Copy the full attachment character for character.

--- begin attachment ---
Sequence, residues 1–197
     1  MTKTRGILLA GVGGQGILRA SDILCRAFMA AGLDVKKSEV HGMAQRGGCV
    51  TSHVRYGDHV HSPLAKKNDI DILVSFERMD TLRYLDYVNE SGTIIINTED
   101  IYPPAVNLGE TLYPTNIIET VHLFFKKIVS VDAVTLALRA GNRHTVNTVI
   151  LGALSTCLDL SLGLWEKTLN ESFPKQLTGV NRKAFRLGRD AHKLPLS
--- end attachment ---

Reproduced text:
Sequence, residues 1–197
     1  MTKTRGILLA GVGGQGILRA SDILCRAFMA AGLDVKKSEV HGMAQRGGCV
    51  TSHVRYGDHV HSPLAKKNDI DILVSFERMD TLRYLDYVNE SGTIIINTED
   101  IYPPAVNLGE TLYPTNIIET VHLFFKKIVS VDAVTLALRA GNRHTVNTVI
   151  LGALSTCLDL SLGLWEKTLN ESFPKQLTGV NRKAFRLGRD AHKLPLS